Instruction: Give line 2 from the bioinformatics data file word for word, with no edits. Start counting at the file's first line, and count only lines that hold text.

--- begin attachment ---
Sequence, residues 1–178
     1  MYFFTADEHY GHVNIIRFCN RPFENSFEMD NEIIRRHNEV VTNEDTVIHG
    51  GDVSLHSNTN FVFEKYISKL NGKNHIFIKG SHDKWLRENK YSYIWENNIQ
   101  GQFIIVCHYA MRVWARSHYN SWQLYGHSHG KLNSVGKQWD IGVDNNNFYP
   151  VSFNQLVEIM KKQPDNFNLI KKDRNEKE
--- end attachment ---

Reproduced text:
     1  MYFFTADEHY GHVNIIRFCN RPFENSFEMD NEIIRRHNEV VTNEDTVIHG